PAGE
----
The Hunterian cares for some Scotland’s finest collections that cover subjects as diverse as the history of medicine, zoology and art. The whole collection is ‘Recognised’ as nationally significant in Scotland and includes outstanding Roman artefacts from the Antonine Wall; vast natural and life science collections; scientific instruments used by James Watt, Joseph Lister and Lord Kelvin; one of the world’s greatest collections of coins and medals and objects and belongings brought to Glasgow from around the world during hundreds of years of trade, empire, exploitation and migration. 

The Hunterian is also home to one of the most distinguished public art collections in Scotland and features works by James McNeill Whistler, the Glasgow Boys and Scottish Colourists, the largest single holding of the work of artists Margaret MacDonald and Charles Rennie Mackintosh, along with The Mackintosh House, the reassembled interiors from their Glasgow home. The Hunterian has also developed an important collection of works by leading contemporary artists including Christine Borland, Lucy Skaer and Adam Pendleton.

Twitter @hunterian
Facebook @HunterianGlasgow
Instagram hunterianglasgow

Crown Estate Scotland

Crown Estate Scotland is a public corporation which invests in property, natural resources and people to create lasting value for Scotland. Crown Estate Scotland manages seabed, coastline, rural estates and more, helping ensure families, businesses and communities can live, work and thrive on the assets which make up the Scottish Crown Estate.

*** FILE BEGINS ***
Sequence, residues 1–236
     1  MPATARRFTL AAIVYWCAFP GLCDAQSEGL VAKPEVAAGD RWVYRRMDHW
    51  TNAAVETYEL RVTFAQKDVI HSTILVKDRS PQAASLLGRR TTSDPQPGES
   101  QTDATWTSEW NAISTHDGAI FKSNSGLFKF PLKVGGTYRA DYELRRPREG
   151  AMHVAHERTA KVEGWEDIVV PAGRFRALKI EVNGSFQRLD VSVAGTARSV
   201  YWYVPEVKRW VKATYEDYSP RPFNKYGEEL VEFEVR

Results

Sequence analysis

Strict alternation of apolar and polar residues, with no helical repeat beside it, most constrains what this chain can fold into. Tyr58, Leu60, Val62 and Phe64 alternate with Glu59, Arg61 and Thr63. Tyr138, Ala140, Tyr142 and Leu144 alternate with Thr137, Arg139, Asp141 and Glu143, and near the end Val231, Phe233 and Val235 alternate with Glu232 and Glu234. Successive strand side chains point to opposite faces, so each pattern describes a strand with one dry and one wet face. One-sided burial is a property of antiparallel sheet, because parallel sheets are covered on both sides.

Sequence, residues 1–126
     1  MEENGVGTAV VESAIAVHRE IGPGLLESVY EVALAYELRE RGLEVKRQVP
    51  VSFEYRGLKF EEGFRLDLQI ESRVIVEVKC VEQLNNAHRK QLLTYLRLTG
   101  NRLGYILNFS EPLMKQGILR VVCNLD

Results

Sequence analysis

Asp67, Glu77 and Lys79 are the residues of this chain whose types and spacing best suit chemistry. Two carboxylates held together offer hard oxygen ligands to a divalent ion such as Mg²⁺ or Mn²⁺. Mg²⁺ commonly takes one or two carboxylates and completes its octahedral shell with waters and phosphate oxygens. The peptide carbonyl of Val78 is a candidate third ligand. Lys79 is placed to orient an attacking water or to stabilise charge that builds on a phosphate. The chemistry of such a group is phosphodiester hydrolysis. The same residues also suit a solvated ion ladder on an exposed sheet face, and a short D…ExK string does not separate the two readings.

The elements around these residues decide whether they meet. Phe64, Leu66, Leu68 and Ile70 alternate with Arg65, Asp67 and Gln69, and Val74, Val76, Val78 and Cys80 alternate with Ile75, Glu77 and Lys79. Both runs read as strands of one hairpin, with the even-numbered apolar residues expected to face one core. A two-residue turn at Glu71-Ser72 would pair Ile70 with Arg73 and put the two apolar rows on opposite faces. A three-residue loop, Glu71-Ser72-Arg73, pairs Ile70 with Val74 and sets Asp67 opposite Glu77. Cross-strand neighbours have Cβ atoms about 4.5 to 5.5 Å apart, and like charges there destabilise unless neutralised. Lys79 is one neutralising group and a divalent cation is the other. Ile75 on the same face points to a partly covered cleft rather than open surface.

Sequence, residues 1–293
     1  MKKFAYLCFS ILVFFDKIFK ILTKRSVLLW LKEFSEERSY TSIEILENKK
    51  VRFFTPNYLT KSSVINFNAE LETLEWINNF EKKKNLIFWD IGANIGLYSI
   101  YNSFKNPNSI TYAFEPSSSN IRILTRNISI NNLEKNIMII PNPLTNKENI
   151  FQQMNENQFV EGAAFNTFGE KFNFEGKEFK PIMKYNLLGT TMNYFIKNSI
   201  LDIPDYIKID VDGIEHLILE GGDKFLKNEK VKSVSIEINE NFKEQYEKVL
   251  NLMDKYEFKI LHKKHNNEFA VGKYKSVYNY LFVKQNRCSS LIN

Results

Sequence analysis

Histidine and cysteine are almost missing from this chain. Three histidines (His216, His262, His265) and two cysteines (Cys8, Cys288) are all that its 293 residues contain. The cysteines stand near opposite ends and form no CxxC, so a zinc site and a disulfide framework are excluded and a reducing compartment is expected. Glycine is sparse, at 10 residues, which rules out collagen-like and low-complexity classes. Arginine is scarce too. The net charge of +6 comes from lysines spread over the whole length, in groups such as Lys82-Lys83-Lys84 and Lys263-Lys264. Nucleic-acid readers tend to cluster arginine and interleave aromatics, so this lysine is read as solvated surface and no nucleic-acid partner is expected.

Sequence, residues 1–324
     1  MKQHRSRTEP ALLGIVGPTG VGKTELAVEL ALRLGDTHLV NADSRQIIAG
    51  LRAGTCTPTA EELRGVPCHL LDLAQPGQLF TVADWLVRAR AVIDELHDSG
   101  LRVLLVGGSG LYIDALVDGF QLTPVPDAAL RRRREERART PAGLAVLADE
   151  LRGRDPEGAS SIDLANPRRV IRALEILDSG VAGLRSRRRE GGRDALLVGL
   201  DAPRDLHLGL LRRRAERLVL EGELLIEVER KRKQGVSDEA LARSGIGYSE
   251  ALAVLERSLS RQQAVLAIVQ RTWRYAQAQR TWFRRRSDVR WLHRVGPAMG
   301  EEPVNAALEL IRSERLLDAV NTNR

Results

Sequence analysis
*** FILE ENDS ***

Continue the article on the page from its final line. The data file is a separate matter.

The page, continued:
The Scottish Crown Estate includes the rights to naturally occurring gold and silver across most of Scotland. The specific areas where rights belong to others are shown in maps available on our website. We encourage commercial exploration for gold and silver which is governed by detailed planning rules and other safeguards for the environment. This activity can lead to economic development and employment in rural areas which can benefit communities in a sustainable way. Any gold or silver within an area where the ownership of the rights remains with the Crown should not be removed or sold without express permission from Crown Estate Scotland.

More information can be found here.

Twitter @CrownEstateScot

National Fund for Acquisitions

The National Fund for Acquisitions, administered with Scottish Government funding by National Museums Scotland, contributes towards the acquisition of objects for the collections of museums, galleries, libraries and archives throughout Scotland. During financial year 2021/22, the NFA made 36 payments totalling £181,784 to 24 organisations, supporting acquisitions with a total purchase value of £604,114.

Find out more about the work of the National Fund for Acquisitions.

First published: 30 August 2022